A peaceful morning stroll by a group of elderly Jewish women on a promenade overlooking sweeping vistas of Jerusalem turned into a bloody nightmare when two masked terrorists stalked and stabbed two of the octogenarians in their backs.The attack, which ironically took place adjacent to the Peace Forest, occurred at approximately 8:30 a.m. when five women, all in their 80s, were walking together on the popular Haas Promenade in Armon Hanatziv/East Talpiot, police said.“The two terrorists stabbed them in the back multiple times, both in the upper body, and fled the scene toward the adjacent neighborhood of Jebl Mukaber,” police spokesman Micky Rosenfeld said shortly after the stabbings.“Police and emergency units rushed to the scene and gave immediate medical assistance before transferring both women to Shaare Zedek Medical Center in moderate condition. While a forensics team searched the area, police set up roadblocks to find the terrorists.”Roughly one hour later, Rosenfeld said, Border Police officers arrested two suspects matching the description of the assailants, but after extensive questioning, both young men were released without charges.“Police are continuing to search for the terrorists involved in the attack and hope to make arrests soon,” he said later in the day.Shortly after the attack, Shaare Zedek Medical Center spokeswoman Shoham Ruvio said both victims were in stable condition and expected to survive.“They are stable and conscious,” said Ruvio. “One, 86 years old, was stabbed in the back three times and is in the intensive care unit. The second victim, 82, was also stabbed multiple times and is in the department for heart surgery.She doesn’t need surgery, but is being closely monitored due to a preexisting heart condition.”Meanwhile, Rosenfeld said, security has been heightened throughout the capital, and will continue at elevated levels throughout the holiday.“All public areas will have additional police units deployed and nothing will be left to chance, as the city observes Remembrance Day and Independence Day,” he said.Last October, the Armon Hanatziv/East Talpiot neighborhood made international headlines after two terrorists from Jebl Mukaber stormed an Egged bus and stabbed and shot four victims to death before being killed by police.To stymie the deadly violence between the Arab and Jewish communities, police temporarily set up a concrete wall and checkpoint around Jebl Mukaber, which was soon taken down amid protests by human rights groups.Near the scene of Tuesday’s attack, a cross-section of residents expressed shock and indignation that the assailants preyed on women in their 80s.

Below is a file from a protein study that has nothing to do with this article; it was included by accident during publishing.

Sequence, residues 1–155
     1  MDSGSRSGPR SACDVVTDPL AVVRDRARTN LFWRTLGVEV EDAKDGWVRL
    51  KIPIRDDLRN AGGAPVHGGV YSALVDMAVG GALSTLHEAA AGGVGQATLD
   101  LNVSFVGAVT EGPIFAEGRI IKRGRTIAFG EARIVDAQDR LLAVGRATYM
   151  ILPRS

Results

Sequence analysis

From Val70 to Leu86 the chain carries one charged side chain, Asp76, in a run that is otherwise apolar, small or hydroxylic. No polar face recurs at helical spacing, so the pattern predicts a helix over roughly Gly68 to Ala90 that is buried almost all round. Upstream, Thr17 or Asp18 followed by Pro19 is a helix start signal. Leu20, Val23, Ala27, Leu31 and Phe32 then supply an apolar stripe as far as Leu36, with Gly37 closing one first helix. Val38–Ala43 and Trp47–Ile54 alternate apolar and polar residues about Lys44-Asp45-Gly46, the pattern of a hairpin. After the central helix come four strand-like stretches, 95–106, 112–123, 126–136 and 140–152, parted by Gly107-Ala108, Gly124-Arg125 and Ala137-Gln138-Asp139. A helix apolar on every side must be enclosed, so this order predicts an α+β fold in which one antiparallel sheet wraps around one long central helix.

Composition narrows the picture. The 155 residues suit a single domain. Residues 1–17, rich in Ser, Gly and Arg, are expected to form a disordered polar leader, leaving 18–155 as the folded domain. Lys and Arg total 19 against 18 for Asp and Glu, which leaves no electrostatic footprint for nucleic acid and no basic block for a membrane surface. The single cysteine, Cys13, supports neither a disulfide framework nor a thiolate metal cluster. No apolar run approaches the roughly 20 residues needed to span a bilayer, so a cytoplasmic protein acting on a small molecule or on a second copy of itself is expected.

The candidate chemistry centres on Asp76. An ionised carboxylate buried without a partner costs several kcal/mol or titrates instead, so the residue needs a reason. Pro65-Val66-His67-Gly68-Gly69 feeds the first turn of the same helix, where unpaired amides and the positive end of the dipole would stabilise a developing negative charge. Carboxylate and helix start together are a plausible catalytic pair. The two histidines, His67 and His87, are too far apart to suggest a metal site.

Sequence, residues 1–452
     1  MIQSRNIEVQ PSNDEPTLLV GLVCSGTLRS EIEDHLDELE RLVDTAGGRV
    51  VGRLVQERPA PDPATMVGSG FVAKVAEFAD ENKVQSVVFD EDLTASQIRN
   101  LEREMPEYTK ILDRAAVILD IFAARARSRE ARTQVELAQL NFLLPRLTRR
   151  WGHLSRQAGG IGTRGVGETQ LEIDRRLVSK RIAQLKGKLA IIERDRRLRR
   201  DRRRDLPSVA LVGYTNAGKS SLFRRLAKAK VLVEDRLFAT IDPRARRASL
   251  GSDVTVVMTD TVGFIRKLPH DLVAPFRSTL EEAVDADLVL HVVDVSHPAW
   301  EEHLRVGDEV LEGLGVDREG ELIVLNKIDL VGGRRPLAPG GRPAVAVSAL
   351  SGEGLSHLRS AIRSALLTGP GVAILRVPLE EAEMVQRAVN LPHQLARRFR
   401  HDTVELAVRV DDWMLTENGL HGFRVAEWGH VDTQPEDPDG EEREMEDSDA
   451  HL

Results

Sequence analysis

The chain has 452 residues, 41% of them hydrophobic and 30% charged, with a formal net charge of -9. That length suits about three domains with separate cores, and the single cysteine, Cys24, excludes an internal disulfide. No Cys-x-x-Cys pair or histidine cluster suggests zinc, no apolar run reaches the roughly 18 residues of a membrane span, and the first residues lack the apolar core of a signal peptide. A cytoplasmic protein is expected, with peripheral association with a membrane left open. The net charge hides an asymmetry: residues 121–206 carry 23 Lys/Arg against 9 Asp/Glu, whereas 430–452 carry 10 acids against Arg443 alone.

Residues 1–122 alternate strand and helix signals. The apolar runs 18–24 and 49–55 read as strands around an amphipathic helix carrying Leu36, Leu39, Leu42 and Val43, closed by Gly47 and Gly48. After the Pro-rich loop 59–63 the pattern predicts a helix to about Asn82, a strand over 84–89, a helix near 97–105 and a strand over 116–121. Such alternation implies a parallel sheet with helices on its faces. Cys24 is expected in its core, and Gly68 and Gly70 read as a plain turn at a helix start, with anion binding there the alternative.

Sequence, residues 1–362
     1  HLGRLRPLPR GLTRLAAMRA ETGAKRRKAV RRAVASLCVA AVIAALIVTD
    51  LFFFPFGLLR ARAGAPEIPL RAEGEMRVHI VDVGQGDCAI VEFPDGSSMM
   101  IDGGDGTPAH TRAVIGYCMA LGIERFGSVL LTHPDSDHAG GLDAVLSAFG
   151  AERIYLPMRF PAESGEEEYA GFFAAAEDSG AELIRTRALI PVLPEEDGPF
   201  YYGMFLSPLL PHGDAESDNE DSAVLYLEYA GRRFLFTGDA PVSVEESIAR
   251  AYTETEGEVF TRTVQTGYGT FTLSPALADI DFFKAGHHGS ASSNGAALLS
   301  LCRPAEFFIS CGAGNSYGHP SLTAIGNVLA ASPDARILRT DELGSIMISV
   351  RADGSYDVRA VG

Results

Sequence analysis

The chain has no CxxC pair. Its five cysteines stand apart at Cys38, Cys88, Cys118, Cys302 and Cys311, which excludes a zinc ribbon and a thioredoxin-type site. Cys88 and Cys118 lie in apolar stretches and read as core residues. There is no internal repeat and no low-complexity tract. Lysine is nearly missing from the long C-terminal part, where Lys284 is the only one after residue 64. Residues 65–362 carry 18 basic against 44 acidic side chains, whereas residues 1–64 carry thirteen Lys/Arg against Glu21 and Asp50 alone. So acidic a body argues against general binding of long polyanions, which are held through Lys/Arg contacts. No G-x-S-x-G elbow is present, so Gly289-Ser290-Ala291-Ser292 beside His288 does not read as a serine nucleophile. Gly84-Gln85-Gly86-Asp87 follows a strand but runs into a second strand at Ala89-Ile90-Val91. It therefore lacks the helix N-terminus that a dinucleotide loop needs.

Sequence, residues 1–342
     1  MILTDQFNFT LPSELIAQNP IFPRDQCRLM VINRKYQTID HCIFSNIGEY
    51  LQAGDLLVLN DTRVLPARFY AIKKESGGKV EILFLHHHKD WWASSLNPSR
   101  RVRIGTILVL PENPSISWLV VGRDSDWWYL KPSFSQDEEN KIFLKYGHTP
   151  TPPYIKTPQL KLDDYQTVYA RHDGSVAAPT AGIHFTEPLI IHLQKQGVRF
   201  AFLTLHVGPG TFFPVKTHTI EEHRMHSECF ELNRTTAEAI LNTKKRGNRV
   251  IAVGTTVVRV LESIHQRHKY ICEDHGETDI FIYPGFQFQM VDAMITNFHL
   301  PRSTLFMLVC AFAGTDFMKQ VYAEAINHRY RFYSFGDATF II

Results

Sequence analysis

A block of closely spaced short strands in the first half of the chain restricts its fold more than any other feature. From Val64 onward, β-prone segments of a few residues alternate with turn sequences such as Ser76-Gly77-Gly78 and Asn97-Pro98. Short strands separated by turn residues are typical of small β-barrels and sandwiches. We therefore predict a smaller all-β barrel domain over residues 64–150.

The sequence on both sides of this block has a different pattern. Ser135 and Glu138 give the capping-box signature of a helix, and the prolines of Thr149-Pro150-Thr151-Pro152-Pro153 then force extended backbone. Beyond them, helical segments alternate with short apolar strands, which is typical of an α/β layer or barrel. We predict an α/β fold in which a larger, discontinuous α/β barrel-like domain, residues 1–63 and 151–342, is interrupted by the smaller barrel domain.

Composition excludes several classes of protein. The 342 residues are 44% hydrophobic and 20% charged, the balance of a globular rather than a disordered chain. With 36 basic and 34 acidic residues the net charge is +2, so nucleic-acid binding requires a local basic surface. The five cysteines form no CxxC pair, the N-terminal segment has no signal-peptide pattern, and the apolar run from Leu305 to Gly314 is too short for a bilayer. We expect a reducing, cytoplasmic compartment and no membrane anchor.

Meir Shahar, 67, a longtime resident of Armon Hanatziv/ East Talpiot said young Arab residents from Jebl Mukaber have long intimidated and terrorized Jews living in his neighborhood, but said he was stunned that defenseless elderly women were stabbed in the back.“These are old women!” he said with clear revulsion. “What did they do that they should be stabbed? You fight with an army, you fight with grown men – you don’t fight with old women!” Moreover, Shahar said many Arab residents from Jebl Mukaber work in menial jobs throughout the neighborhood or routinely visit the area, making daily interaction with Jewish residents unavoidable.“All the people from there come to the promenade, to our post office, to our supermarkets and to our hospitals – to every place there – and nobody says ‘You are Arab, why are you coming here?’” he said.“The Jewish people in this area are with these people all the time, and it is known that a lot of the people who live there are connected with Hamas.They are not peaceful people, and the [Jewish residents] are afraid. The children going to school, older people traveling at night – everyone is afraid.”Indeed, May Schultz Sclair, who was riding her bicycle near the scene of the attack, said she now avoids the promenade, where she once routinely visited.“It’s very troubling. It’s shocking, and certainly restricts my sense of peace of mind living in my own neighborhood,” she said. “The area where it happened is a place we used to walk during Shabbat, and we don’t go there anymore because we just don’t feel it’s safe.”“We are worried about violence carried out by residents of these Arab towns,” continued Schultz Sclair, a retiree originally from the US.“I often find young people walking around in groups – especially boys – intimidating; and given the violence that we’ve had, it’s increasingly intimidating. I have stayed away from there for at least the past year.”Evgeny Kaveshnikov, 32, who made aliya from Russia two months ago, said he was deeply troubled by the attack, which took place just a few meters from where he was riding his bike later that day.“When I heard about this, I worried a lot, of course, because I want to live in peace with everyone, but it’s very difficult to understand why these women were attacked, because it’s not their fault,” he said.“I’m very worried that it has happened here, and that it is happening everywhere. I feel pain hearing about this. This is difficult to understand for a normal man. I am new here, and it’s horrible for me to see this.”Although Kaveshnikov said he is not concerned for his own safety, he said the safety of his mother, wife and children is another matter.“I will make sure they do not come here,” he said.Meanwhile, Ilana Rass, a middle-aged woman who was walking alone near the scene of the attack, expressed her concerns about its religious and educational underpinnings and implications.“I think if Muhammad came back, he would say to these people, ‘You are crazy,’” she said.“I only read the Koran once, but when I did, I didn’t find anything about stabbing old women in the back. This book is supposed to be about love.“I think it is a problem concerning education. There is no education, only aggression,” she added. “These people must be given a good education and learn how to live with other people.”